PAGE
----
Invader: Pardon me, sir, but could you tell me the way to Warsaw?
Polish man: Why certainly, my good man. Just take a right at Janowo around the loop and back through Domanowice toward Janowo but turn left just before you reach the turnoff to Szerzowo and then go right again on the main road that looks like a secondary road, then cross Janowo and turn around three times before taking the secondary road that looks like a main road--
Invader: Oh dear, that sounds so complicated. However shall I get there?
Polish man: Ha ha, if I had a zloty for every time I heard a tourist say that.
Invader: But sir, it's even worse than that. I'm here on business. My boss expects me in Warsaw by tomorrow evening, and he can get terribly angry when things don't go as expected. I'm a bit worried, actually.
Polish man: Ah, yes, we've all had a boss like that. Might I be so bold as to make a suggestion?
Invader: Certainly, sir.
Polish man: I see you're driving a tank. It would be far more straightforward to simply cut right through all those fields. In fact, the roads being as bad as they are, it would be much easier on your suspension, too.
Invader: Indeed, why didn't I think of that?

I finally got where I was going, to a nice little patch of green on the map, surrounded by farmland. The road was terrible beyond description, and I couldn't imagine anyone making the effort to come disturb my rest. So I set up my tent in the forest, not too far from the road, walked out to watch the sunset, then settled in for the night, listening to the symphony of birds gradually get quieter and lonelier with the fading light. Then it was silent, except for the faint hum of distant machinery and the gentlest of breezes. I slowly drifted off to sleep. And that's when the footsteps started. Crunch, crunch, crunch in the dry leaves on the ground. Crunch, crunch. Deer? Crunch, crunch, snuffle, thud, crunch, crack. Those were certainly not deer. Boars? Are there wild boars in Poland? (Some quick research the next day revealed the answers to be 'yes' and 'yes'.) Whatever they were, they were really noisy. And there were a lot of them. I waited, wide awake. Eventually satisfied they wouldn't try to get in my tent, I tried to sleep. But every time they drifted away and I drifted off, they would come back, crunching in the leaves and sometimes fighting with each other.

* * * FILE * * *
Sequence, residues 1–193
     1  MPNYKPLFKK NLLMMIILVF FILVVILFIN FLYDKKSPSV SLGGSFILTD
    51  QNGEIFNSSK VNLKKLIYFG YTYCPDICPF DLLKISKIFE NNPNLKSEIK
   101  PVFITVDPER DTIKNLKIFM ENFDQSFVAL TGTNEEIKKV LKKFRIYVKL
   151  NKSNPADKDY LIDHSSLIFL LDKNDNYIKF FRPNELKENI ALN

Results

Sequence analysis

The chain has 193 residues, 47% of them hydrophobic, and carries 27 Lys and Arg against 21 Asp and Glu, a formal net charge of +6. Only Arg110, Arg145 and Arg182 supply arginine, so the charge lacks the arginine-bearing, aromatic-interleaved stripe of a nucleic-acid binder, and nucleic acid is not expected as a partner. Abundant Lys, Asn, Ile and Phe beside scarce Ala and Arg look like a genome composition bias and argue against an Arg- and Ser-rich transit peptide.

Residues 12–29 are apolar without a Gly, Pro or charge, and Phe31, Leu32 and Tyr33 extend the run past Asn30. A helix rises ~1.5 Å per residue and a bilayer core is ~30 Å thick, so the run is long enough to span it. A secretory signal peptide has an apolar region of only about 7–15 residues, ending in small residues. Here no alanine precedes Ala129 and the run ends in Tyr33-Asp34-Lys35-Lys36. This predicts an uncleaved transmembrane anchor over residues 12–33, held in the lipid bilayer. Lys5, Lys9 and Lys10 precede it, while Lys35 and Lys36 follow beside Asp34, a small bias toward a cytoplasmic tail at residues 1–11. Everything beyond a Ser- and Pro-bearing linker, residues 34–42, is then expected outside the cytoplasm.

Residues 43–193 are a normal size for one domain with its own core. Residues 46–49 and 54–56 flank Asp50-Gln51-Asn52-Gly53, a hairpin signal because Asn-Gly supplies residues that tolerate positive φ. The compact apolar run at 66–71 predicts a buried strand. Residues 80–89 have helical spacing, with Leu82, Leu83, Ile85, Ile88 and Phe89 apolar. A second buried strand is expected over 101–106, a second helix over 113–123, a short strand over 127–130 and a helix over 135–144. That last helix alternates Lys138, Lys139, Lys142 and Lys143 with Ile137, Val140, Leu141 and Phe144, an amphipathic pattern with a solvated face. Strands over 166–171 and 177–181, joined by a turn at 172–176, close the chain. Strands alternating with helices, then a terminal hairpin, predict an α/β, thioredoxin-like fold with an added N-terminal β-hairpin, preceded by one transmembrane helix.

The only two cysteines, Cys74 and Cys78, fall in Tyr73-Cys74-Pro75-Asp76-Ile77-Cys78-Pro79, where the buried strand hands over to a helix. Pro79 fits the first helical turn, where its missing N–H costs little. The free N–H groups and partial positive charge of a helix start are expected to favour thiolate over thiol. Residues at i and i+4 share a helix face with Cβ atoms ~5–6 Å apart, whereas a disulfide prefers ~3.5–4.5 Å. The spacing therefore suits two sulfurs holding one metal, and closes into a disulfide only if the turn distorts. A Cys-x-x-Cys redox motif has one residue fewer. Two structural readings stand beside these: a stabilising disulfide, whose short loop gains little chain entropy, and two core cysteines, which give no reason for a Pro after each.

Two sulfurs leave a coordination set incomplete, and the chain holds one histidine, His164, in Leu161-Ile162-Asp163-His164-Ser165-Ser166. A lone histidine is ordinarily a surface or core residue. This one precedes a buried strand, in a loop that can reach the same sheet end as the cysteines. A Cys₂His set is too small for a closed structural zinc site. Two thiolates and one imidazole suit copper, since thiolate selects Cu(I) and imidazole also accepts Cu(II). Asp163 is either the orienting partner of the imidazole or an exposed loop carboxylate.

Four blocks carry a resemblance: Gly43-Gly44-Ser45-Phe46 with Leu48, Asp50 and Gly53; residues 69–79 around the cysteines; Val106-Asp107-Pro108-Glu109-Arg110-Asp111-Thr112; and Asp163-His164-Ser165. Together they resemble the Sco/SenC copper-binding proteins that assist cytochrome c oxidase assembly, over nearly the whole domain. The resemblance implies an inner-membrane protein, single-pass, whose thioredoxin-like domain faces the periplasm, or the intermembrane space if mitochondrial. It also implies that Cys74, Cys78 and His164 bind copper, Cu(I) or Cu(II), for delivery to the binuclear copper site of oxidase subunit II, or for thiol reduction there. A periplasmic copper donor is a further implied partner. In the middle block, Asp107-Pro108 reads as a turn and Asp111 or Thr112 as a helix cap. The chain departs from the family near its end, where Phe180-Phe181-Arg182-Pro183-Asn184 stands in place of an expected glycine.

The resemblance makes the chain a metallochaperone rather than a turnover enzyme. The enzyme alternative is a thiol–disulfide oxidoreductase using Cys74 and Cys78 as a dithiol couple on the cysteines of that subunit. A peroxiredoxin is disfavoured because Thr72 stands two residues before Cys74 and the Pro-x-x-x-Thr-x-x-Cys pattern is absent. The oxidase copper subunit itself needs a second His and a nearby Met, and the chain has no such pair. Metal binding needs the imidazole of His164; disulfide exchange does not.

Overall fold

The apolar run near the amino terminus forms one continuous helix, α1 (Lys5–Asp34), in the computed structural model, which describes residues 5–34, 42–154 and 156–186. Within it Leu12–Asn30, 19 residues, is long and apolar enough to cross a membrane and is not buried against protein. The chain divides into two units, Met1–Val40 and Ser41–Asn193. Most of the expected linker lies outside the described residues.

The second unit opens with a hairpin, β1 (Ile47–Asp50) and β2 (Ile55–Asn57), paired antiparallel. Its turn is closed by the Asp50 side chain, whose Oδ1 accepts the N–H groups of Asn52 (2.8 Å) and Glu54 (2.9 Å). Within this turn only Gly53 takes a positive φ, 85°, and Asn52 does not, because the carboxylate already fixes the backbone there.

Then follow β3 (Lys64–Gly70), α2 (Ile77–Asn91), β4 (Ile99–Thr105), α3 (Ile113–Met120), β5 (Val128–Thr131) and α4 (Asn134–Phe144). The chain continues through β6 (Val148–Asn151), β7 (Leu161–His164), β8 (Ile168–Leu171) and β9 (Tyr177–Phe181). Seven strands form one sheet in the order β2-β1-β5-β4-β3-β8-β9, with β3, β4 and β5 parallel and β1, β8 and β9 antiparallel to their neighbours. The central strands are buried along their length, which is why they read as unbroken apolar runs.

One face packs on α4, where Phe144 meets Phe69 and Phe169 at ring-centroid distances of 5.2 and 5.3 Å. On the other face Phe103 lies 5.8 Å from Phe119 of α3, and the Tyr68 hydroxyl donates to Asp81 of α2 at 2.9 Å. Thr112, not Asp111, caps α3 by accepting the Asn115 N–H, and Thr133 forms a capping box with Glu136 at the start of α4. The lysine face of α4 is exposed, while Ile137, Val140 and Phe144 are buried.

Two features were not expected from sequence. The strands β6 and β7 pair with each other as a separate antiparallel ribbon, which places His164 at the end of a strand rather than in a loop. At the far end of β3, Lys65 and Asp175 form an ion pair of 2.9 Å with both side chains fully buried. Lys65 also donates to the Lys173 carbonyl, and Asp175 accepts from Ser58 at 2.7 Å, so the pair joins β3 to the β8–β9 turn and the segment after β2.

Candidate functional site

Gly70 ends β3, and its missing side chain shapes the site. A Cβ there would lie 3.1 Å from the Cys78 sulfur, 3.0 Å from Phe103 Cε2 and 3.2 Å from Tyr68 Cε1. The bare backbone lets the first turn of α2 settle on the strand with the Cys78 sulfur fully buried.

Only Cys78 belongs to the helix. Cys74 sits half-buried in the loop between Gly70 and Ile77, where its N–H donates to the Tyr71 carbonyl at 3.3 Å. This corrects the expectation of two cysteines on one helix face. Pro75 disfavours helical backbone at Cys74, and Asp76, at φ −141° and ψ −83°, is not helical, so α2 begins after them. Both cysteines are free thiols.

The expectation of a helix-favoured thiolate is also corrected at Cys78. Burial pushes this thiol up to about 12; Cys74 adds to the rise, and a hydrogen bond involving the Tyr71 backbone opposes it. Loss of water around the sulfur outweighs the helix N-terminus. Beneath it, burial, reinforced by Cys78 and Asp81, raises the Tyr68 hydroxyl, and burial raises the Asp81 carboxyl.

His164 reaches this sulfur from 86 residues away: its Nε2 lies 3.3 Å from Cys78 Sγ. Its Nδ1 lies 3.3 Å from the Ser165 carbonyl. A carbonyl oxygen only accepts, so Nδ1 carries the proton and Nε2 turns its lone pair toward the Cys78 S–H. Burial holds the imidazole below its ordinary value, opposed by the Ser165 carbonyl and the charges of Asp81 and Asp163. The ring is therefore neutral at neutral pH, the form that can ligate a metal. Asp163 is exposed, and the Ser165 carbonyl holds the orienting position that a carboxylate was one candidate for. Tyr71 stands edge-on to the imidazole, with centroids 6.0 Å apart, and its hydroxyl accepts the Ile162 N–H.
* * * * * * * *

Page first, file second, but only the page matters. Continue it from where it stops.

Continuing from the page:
Saw a bunch of nests, and several storks that didn't want to be photographed
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Wanted to get a photo of myself sitting here, but no passersby. You'll have to keep waiting!
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Road made of sand
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Leaving the forest without a bridge
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Must have been some fierce competition if the bag of garbage only got 3rd place
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Today's ride: 110 km (68 miles)
Total: 4,023 km (2,498 miles)